Specialisation Fields


GIS means those information management systems and applications that process surveying data into geodesic data needed in planning and in various register systems. Place specific information is created in all activities in the society and the exploitation of this information increases rapidly in different fields. The information systems design and maintenance sector needs engineers who can master, in addition to their own field, also information technology. Land surveying engineers specialised in information technology are needed in the public sector as well as in software companies that produce geodesic information applications. Geodesic information systems also act as databases from which different maps and even three-dimensional illustrations can be printed. Today virtual reality and various three-dimensional virtual environment models are of interest.

Measuring Technology

Modern surveying technology is based on automatic or computer-based surveying systems that produce the measuring results digitally. Satellite positioning, remote sensing, and various surveying applications in industry and building, and mapping based on aerial photography are among the more advanced fields in surveying. Numeric maps and geodesic data are produced in municipalities, private consulting agencies and in public administration where the major employers are the National Land Survey of Finland and different organisations under the Ministry of Transport and Communications.

Environmental Planning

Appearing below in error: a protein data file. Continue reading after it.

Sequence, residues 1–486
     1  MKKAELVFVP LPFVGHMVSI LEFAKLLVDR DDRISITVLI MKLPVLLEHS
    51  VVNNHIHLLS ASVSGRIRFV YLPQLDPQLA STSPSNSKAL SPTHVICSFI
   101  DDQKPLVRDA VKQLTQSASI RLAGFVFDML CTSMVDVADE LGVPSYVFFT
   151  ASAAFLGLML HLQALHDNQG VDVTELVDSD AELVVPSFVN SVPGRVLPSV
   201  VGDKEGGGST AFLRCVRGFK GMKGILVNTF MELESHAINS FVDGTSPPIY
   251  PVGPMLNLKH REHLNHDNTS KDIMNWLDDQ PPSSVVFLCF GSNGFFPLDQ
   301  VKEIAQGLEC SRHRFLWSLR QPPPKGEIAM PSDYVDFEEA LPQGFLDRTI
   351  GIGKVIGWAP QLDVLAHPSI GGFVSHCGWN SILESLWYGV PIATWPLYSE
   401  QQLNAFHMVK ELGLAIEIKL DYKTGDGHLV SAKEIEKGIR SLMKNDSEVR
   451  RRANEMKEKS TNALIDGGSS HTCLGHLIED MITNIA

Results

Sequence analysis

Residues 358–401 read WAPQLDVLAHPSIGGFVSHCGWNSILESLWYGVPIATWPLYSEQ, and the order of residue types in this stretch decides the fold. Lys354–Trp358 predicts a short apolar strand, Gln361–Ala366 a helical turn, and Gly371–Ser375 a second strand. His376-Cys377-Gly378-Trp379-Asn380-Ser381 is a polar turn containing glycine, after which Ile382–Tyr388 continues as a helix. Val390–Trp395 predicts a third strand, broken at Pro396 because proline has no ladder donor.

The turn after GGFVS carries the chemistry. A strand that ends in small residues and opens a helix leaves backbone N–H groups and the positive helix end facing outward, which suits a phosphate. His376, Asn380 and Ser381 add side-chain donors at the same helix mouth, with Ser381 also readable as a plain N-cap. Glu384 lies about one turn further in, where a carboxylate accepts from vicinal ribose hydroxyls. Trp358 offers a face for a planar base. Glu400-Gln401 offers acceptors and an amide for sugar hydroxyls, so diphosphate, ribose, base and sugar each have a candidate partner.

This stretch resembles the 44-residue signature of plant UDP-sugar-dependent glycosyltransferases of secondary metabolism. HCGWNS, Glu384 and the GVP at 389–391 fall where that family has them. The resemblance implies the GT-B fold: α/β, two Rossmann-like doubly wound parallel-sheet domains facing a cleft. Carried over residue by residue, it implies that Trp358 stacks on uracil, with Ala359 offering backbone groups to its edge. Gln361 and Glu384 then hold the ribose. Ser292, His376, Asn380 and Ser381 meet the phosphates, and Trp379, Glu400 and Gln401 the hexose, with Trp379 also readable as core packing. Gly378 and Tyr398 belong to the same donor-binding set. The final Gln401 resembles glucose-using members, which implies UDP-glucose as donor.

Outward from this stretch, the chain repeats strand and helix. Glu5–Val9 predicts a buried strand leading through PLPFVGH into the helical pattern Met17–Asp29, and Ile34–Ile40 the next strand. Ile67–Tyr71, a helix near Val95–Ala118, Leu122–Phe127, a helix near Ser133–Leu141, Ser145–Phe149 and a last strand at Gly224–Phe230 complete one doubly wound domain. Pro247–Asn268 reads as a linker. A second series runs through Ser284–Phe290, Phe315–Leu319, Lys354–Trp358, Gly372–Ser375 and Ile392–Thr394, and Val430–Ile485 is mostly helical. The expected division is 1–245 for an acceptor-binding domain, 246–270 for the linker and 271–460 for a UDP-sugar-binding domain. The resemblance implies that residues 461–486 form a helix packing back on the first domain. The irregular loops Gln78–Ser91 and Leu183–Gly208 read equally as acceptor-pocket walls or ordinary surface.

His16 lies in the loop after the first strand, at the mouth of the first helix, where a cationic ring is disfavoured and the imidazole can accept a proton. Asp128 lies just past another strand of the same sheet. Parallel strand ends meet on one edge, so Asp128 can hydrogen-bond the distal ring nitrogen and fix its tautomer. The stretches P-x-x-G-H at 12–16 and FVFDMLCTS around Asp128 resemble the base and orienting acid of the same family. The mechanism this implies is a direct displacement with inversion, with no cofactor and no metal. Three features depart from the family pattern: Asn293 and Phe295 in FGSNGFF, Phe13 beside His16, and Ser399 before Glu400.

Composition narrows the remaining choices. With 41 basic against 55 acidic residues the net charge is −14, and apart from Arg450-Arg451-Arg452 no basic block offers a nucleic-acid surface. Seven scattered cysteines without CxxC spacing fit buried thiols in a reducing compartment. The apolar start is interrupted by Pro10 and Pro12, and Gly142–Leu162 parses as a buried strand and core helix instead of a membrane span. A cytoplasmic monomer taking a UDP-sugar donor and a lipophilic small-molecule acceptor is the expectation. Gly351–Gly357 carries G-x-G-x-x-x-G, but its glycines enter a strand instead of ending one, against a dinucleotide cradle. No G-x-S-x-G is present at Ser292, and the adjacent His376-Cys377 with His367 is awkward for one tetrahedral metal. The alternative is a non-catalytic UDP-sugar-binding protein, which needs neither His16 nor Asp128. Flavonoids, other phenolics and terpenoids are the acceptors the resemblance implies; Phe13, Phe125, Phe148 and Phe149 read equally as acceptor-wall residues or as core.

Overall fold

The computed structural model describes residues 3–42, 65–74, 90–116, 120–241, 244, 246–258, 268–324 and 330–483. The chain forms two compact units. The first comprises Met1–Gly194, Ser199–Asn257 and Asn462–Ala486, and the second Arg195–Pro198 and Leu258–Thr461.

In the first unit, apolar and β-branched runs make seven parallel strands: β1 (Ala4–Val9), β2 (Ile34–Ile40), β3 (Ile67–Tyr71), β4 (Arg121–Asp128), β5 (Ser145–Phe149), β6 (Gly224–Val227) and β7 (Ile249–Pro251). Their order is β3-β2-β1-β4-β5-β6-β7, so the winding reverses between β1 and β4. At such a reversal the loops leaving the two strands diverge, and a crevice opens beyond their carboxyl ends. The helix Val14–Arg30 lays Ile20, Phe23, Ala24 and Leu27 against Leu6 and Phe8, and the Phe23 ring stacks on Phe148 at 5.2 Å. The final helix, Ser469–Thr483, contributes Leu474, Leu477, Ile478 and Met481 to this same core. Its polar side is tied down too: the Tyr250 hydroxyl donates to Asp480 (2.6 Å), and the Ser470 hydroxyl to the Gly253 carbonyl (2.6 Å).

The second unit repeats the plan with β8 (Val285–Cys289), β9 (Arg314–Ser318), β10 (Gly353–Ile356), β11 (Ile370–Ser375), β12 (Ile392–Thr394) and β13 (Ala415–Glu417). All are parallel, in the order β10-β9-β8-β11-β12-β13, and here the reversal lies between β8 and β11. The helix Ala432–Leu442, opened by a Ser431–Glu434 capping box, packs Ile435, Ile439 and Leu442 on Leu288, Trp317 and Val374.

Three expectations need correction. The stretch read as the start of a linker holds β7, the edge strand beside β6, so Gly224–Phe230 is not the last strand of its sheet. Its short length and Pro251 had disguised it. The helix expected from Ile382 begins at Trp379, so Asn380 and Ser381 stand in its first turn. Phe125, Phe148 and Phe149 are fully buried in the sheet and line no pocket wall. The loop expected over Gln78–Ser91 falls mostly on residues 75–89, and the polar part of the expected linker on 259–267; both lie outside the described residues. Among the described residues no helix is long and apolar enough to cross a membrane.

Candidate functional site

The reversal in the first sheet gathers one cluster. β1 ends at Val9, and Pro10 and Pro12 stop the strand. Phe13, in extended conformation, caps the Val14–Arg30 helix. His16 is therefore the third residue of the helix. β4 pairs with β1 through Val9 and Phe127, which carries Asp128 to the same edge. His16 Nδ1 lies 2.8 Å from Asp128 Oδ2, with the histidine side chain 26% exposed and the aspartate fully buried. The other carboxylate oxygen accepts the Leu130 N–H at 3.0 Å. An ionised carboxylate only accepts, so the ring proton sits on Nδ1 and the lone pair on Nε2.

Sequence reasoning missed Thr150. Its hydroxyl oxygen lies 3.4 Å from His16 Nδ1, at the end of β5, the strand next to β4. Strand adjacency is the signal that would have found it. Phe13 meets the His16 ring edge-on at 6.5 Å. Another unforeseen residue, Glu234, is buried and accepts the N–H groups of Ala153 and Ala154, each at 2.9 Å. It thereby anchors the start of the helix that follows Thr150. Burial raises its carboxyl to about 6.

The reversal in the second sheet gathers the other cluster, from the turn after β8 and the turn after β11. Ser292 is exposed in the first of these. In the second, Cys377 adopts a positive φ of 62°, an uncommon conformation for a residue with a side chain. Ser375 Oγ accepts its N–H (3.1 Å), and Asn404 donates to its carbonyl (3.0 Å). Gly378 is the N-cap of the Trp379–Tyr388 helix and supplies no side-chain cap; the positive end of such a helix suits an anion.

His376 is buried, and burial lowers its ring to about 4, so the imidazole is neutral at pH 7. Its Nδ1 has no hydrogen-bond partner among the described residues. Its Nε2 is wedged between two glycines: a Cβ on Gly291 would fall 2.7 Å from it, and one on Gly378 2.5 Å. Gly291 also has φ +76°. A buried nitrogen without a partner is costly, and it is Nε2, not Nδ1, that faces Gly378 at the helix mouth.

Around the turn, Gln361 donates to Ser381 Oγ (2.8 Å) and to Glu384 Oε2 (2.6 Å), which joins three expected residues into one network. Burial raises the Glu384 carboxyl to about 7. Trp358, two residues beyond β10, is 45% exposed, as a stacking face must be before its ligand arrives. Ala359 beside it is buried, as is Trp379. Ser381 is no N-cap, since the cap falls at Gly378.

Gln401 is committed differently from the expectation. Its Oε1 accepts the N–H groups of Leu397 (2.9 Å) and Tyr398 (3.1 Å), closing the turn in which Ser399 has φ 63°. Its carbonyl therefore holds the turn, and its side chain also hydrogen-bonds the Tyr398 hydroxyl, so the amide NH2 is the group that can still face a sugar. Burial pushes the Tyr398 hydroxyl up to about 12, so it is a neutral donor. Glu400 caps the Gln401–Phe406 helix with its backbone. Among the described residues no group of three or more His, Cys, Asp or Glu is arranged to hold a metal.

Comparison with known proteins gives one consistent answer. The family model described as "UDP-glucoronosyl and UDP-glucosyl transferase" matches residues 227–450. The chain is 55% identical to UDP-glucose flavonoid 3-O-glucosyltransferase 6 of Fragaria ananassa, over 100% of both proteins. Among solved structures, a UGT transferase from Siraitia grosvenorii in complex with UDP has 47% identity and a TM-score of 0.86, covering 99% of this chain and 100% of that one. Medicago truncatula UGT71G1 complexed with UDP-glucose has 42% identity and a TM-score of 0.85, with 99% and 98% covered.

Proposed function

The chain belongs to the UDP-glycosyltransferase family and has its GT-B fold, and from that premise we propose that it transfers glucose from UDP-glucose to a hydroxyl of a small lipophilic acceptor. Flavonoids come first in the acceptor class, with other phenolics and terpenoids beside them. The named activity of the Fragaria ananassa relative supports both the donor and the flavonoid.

In addition to architects, also land surveying engineers make land development plans and city plans. The planning is creative work, but also computer aided planning systems are utilised. These systems make it possible to take both technical and environmental factors into consideration in planning. Interaction skills and diversified know-how are important in land use planning. The Land Use and Building Act sets challenges and goals also for land surveying engineers. Especially rural planning has been the expertise area of the land surveyors. Land surveyors work as planners in municipalities, provincial federations, and in planning agencies.

Cadastral Surveys

A well-designed cadastral data system and clear land ownership are a necessity in a developed society. The management of landownership rights and land use rights is technically based on the geodesic information systems. It is also important for the land surveying engineers to be familiar with the social, judicial and economic matters related to cadastral surveys. The generation change in Finland in the beginning of 2100th century when the large generations born in the 1940’ies will retire from working life will open positions for engineers in the National Land Survey of Finland and in municipalities. Land survey engineers are employed also by private companies in real estate brokering, evaluation and development duties.

Practical Training and Bachelor’s Thesis

Practical training (30 credit points) is an important part of the studies. Practical training is in most cases completed in summer. The lenght of the required practical training is 20 weeks.